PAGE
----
I then looked at Fuji cameras, the X series -- beautiful and unique images, and the cameras felt great and solid in my hands -- but the lens selection is limited and VERY pricey. No thanks.

Enter Sony NEX. I haven't held any models aside from the NEX-3N, but it feels great and well-made. No obnoxious touchscreen, and a menu that's easy to understand.

I bought a NEX-3N body new from a dealer on Amazon for $190 and skipped the kit lens. I picked up a $30 RainbowImaging 35MM lens for portrait shots and coughed up $200 for a 19mm Sigma lens for landscapes.

I've only had the camera for three days, but I've been blown away by the quality of video when paired with the fun little 35mm lens. It truly looks like it was filmed with a dSLR -- and all for less than $250! I cannot wait to take this little guy on my travels.

The only thing I wish this camera really had was a mount for an external microphone, but I knew that before I made my purchase -- so I can't be too upset.

**EDIT: Bizarre flaw in this particular camera -- whenever you take a picture, it emits a fake shutter sound from the bottom speaker in addition to the actual shutter noise. It's quite loud, tacky, and cannot be disabled. Several NEX-3N owners have been campaigning for a firmware update, but Sony continues to claim it's the "real" shutter.
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on November 15, 2014
Great camera! Takes good photos and handles my abuse. Image quality is competitive with entry level DSLRs. Lenses are a bit more expensive than with the more common types, especially cannon.
Only complaint is that without a viewfinder shooting in the sun can be problematic. Navigating menus can be a bit slow, but once you get comfortable with shooting in all manual you don't need to do that much. The manual mode can take a little getting used to but I am quite fast with it now.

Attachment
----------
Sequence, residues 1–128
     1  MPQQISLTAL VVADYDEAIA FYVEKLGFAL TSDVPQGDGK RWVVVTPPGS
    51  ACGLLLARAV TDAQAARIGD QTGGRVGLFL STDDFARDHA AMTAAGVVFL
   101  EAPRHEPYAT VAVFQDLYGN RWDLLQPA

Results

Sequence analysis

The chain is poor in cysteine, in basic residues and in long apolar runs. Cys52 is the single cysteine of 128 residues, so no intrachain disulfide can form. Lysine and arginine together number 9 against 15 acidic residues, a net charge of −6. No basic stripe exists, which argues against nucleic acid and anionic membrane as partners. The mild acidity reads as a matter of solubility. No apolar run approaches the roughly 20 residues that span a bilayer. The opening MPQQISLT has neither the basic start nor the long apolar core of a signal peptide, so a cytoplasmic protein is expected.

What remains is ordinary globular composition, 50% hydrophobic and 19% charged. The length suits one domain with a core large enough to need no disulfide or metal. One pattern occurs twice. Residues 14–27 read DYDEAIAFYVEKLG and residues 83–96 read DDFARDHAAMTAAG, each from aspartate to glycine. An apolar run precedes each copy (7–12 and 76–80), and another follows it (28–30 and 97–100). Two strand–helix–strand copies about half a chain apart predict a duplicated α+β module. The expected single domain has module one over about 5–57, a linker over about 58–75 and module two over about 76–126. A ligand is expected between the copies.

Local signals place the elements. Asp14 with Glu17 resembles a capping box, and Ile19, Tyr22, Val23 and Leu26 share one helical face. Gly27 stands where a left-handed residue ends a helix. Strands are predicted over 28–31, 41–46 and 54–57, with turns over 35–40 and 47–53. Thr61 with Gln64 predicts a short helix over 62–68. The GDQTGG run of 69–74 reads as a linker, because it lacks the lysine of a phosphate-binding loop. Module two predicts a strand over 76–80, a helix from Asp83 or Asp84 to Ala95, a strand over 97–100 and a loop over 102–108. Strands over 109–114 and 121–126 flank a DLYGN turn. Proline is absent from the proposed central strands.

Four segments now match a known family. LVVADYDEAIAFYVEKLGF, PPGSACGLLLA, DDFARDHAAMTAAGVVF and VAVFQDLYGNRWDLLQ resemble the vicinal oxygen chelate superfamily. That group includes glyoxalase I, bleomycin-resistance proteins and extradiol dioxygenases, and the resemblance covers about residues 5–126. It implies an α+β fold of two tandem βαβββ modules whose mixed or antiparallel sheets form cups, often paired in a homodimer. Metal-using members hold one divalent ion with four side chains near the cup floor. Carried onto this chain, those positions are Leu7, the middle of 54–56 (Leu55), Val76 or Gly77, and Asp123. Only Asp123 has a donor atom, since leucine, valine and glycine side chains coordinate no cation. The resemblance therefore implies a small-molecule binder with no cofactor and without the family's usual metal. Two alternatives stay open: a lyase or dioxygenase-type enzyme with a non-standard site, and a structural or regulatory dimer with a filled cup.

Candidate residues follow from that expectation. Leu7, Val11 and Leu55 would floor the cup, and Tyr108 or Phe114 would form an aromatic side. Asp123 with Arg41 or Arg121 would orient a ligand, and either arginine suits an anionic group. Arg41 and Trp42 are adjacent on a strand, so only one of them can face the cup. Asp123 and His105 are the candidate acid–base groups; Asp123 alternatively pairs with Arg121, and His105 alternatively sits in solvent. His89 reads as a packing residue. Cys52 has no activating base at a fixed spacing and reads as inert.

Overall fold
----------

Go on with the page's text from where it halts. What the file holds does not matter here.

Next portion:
Included photos:
I can take long exposures that can see stars and the milky way (with the kit lens that comes with the camera, no less). The included shot was taken with this camera on a tripod with a 30 second exposure from the top of crater lake.

The splash was also taken with the kit lens, the lighting wasn't even that bright and you can still see the droplets. This is a great camera for getting into photography.
review image review image
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on March 20, 2014
The competitors in this price range are:

- Panasonic Lumix GF3 is a rather outdated model and also has a smaller sensor than the APS- C ( has a worse performance in low light conditions , and have more distortion by adapting SLR lenses ) .

- Samsung NX2000 that has touchscreen and several features to make editing and sharing photos over wi - fi , but the overall picture quality is worse . Furthermore , the camera with the kit lens is much more massive than the NEX -3N . And the kit lens lacks optical stabilization ( if your hands are shaking too much, the picture will be blurry ) .

- Olympus E series that have the same problems the Lumix GF3 .
- Nikon 1J2 which has an even smaller that the Lumix GF3 sensor.
- Pentax Q which has an even smaller sensor than the Nikon 1J2 .